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Continuous Bioprocessing of Biologics: The Future is Bright

Karoline Hahn, KCR

While most medicines are derived from chemical compound, biologics are now the fastest-growing drug class. Over the past five years, eight out of the top ten best-selling drugs were biologics, with therapeutic antibodies at the forefront (DOI: 10.1186/s12929–019–0592-z). By February 2022, the Food and Drug Administration had approved more than 90 antibody-based drugs and currently has 17 therapeutic antibodies under review, with many more are coming through the pipeline. There is unprecedented investment in these biotherapeutics, further fueled by rising gene and cell therapeutics.

To deliver these complex drugs to patients as quickly as possible, the biopharmaceutical industry is shifting away from traditional batch processing to continuous bioprocessing. It is expected that the global market for continuous bioprocessing will grow at a CAGR of 23% from 2020 to 2027 to reach 348.9 million by 2027.

Although batch processing can reliably deliver large quantities of biologics, the material must be held and tested after each manufacturing step to ensure quality. This complexity makes the manufacturing of biologics a cost-intensive and lengthy process. Instead, continuous bioprocessing aims to eliminate those intermediate hold steps.

Continuous bioprocessing involves the continuous feeding of input material, the transformation of in-process material, and the concurrent removal of the output material as integrated steps of the manufacturing system. Some or all unit operations in a manufacturing process can be directly connected:

  • Batch mode unit operations are combined with continuous mode unit operations
  • All unit operations of a drug substance or a drug product operates in a continuous mode
  • Drug substance and drug product unit operations are integrated to form an end-to-end manufacturing process

Numerous technologies are available to support continuous bioprocessing. On the upstream side, these are employment of stable, high-efficient producer cells, optimized cell media, and utilization of perfusion bioreactors. On the downstream side, continuous filtration and chromatography with or without surge tank integration are well established. Sterility, which is critical to biologics manufacturing, is preserved by the seamless transition of the material into succeeding manufacturing steps. Utilization of single-use equipment suits the same need, but also eliminates downtimes due to cleaning and regeneration of the equipment.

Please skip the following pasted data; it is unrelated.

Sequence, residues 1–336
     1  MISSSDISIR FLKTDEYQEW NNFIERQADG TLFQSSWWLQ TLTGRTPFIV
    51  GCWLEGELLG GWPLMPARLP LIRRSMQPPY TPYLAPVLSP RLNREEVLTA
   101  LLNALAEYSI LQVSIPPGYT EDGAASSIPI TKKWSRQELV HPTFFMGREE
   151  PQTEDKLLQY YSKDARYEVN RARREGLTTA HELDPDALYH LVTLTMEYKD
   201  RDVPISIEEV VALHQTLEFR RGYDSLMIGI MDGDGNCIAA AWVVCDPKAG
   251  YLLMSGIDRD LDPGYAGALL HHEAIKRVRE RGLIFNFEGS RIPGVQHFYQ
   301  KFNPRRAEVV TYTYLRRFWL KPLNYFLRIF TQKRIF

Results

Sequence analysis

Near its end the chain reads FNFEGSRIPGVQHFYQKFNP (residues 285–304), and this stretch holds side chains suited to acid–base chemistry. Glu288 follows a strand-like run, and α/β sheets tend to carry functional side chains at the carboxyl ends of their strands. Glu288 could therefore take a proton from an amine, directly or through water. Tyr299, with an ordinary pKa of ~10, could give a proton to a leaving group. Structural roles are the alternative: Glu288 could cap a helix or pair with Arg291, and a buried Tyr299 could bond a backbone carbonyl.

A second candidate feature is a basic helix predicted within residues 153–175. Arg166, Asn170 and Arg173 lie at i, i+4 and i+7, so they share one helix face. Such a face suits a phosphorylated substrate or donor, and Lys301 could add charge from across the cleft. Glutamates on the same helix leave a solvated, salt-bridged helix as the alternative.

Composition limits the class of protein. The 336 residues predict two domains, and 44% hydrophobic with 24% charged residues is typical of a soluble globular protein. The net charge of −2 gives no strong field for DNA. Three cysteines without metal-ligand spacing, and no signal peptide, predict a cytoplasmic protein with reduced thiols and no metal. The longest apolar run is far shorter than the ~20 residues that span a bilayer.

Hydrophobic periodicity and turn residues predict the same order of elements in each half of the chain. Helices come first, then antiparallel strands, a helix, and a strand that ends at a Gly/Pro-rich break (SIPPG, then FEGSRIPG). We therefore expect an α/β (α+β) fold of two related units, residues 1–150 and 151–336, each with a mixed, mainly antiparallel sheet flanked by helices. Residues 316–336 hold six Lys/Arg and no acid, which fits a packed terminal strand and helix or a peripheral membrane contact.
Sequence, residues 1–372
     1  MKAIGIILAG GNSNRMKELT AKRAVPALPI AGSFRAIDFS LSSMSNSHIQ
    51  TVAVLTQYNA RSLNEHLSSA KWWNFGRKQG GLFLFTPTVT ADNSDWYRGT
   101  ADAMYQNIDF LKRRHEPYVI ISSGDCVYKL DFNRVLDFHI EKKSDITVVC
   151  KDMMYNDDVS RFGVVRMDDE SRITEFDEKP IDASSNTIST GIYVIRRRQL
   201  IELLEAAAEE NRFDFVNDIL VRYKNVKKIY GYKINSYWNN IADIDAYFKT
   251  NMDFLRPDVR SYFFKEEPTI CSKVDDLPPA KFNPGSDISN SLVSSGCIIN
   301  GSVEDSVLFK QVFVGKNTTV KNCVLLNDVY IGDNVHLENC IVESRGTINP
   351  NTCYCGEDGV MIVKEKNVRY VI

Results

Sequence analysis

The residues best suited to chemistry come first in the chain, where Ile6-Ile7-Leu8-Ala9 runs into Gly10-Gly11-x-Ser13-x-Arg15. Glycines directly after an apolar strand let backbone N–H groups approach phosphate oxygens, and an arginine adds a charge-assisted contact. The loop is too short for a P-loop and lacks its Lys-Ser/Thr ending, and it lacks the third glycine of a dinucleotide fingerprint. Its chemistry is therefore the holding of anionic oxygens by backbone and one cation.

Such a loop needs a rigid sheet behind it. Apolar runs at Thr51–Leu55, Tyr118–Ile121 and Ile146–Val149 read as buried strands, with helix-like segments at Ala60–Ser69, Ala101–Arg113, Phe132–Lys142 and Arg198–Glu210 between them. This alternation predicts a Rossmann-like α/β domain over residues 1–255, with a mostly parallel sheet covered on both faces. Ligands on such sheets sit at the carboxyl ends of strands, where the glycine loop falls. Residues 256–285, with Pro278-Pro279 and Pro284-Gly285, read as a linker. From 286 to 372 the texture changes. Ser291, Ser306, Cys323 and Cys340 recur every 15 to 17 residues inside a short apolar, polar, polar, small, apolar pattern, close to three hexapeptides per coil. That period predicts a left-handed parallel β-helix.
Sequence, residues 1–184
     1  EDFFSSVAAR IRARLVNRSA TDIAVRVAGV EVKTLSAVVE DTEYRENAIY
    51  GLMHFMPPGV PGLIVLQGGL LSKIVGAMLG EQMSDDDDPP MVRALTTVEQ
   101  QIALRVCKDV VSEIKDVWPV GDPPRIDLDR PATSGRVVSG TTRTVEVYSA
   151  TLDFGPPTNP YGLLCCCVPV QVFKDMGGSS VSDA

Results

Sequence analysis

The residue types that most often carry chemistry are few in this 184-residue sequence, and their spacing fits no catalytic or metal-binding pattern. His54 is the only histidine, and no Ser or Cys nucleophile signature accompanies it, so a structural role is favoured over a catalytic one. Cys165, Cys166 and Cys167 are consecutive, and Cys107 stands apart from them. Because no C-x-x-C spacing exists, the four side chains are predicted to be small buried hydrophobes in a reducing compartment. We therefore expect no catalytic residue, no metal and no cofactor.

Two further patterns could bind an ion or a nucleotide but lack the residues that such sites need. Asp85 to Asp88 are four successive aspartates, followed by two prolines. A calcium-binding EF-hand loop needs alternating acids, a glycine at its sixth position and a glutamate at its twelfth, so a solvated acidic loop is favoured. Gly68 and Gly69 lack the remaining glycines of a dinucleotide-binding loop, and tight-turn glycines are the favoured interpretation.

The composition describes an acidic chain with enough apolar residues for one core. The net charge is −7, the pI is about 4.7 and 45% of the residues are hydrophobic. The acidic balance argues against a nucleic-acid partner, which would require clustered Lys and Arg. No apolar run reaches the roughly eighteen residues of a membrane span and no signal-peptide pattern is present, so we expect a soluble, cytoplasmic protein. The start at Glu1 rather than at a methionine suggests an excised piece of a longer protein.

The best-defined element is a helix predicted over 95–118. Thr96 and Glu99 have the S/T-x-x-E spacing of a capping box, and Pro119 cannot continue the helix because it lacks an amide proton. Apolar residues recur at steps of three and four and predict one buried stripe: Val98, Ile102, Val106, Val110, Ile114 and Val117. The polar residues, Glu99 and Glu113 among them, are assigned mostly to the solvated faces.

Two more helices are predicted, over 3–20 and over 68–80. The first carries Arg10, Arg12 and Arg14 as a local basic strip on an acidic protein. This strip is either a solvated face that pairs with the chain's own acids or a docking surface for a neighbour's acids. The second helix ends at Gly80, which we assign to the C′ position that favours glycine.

Continuous bioprocessing benefits from the digital transformation currently occurring in the industry. The integration of automation to upstream and downstream processes eliminates manual testing operations saving time, but more important decreasing risk of contamination and manipulation errors. Furthermore, real-time data acquisition and analysis regulate the manufacturing processes through immediate feedback adjustments. These process analytical technologies enable an increased control of the overall production environment and, consequently, over the final drug product.

Although specific guidelines for continuous bioprocessing are pending, regulators widely support this manufacturing approach. FDA already approved about 20 biologics manufactured through continuous and integrated unit operations. The release of ICH Q13 guideline on “Continuous Manufacturing of Drug Substances and Drug Products”, anticipated for late 2022 or early 2023, will provide further clarity on regulators´ expectations (the draft guideline is currently released for public consultation).

Convergence of advanced process technology, software, automation, and analytics will push the implementation of continuous bioprocessing allowing for flexible, fast and cost-efficient manufacturing of biologics.

Dr. Karoline Hahn is a Senior Consultant for Advanced Therapies at KCR, an international clinical development solutions provider for the biotechnology and pharmaceutical industries. Dr. Hann has 20 years of experience in the biopharmaceutical industry, devising regulatory strategies and leading interactions with global health authorities. A geneticist by training, Dr. Hahn has extensive expertise in Advanced Therapies and provides top-tier strategic regulatory services in the area of ATMPs. She can be reached at karoline.hahn@kcrcro.com

  • This article was originally published on Clinical Research News Online on 4/22/22*

About KCR:

KCR is a clinical development solutions provider creating value for biotechnology and pharmaceutical organizations. Founded in 1997, our expert teams support clients with full-service clinical development capabilities across three main areas: Trial Execution, Consulting and Placement. KCR operates across North America, Europe, and Australia, with main office locations in Boston, US, Berlin, Germany, and Warsaw, Poland. Our geographical coverage across 25+ countries, cutting-edge technical capabilities and tailored offerings allow for the optimized delivery of solutions to develop life-changing therapies. KCR offers access to an estimated population of 1.1 billion people. For more information visit www.kcrcro.com.

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